Holiday spending further vitalizes China’s consumer market

Chinese residents have opted for new ways to celebrate this year’s National Day holiday amid COVID-19 prevention and control efforts, injecting further impetus into the world’s second largest economy.

The country’s fight against the virus is ongoing and related measures remain in place, but new consumption patterns in the shopping, tourism and culture sectors that have emerged during the holiday show that consumer demand has not been dampened, but diversified.

Both online and offline shopping have gained steam during the National Day holiday, with sales in the “consumption-upgrade” sector soaring.

Hubei resident Chen Jianglian has traveled to south China’s island province of Hainan for the holiday, in order to shop at the duty-free mall in Haikou, Hainan’s capital city. Chen was attracted to the province by the variety of products available at friendly prices.

Tax-free shopping sales on the first day of the weeklong holiday reached 171 million yuan (about 26.37 million U.S. dollars), surging 122 percent from a year earlier, according to the local customs bureau in Haikou.

Boosted by strong online shopping demand, the transaction value of floor-mopping robots increased fourfold and the transaction value of action cameras almost doubled in places such as Beijing and Shanghai, data from online shopping giant JD.com shows.

People who have opted to stay put for the holiday are contributing to the increased online shopping demand, ordering door-to-door gift deliveries for their parents living in different cities. Such orders on online delivery services provider Meituan have experienced growth, with orders in some cities skyrocketing by over 200 percent from a month earlier.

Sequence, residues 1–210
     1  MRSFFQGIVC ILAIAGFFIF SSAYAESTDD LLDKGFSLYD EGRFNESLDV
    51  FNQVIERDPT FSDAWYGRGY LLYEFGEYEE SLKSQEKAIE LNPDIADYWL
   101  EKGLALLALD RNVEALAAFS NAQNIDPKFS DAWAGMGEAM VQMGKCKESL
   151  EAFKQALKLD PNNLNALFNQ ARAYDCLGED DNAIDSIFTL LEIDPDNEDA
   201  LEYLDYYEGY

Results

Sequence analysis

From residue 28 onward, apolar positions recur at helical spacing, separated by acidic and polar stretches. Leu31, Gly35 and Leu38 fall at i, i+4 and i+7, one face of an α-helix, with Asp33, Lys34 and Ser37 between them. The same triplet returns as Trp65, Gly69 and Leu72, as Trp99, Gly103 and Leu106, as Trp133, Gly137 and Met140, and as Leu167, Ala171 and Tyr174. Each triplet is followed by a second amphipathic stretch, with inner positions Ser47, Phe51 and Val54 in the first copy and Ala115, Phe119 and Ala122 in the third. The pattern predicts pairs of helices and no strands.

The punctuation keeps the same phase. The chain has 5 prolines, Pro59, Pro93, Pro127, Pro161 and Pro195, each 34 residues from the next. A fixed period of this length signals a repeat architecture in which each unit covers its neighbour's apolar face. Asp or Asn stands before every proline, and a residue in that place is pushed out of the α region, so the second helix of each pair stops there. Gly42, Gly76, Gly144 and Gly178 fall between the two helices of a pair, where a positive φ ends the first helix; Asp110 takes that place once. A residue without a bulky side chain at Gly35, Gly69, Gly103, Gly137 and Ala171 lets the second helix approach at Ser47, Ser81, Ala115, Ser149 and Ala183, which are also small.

Widespread patriotic zeal has emerged during the National Day holiday, especially among younger generations, with patriotic films and red tourism destinations drawing crowds.

The historical epic “The Battle at Lake Changjin” has smashed Chinese box office records, ending its fifth screening day on Monday with over 478 million yuan and recording total earnings of over 2 billion yuan.

“As a college student, I will inherit the Chinese spirit, make arduous efforts for and devote myself to my country,” said Qi Yihan, a university student studying in Beijing.

Red tourism, which refers to tourism at historical sites with modern revolutionary legacies, has stood out as a popular choice among Chinese people over the holiday. Scenic spots, bed-and-breakfasts and shops selling cultural products in red tourism destinations including Inner Mongolia Autonomous Region and Gansu Province have attracted many holidaymakers.

As the COVID-19 control efforts remain in place across the country, local tours are also becoming more and more attractive. Bookings for local tours expanded 3.8 times from a month earlier for the week prior to the holiday, according to the online travel services provider Fliggy.

When the Chinese consumer market seemed to have slackened recently amid the COVID-19 resurgence and floods, Ministry of Commerce official Wang Bin told a press conference that he expected robust consumption during the weeklong holiday.

The year-on-year consumption growth trend for 2021 will be “low-after-high,” Wang added, predicting China’s retail sales of consumer goods would expand 12.5 percent from a year earlier and 8 percent from 2019, hitting 44 trillion yuan in 2021.

Source: Xinhua

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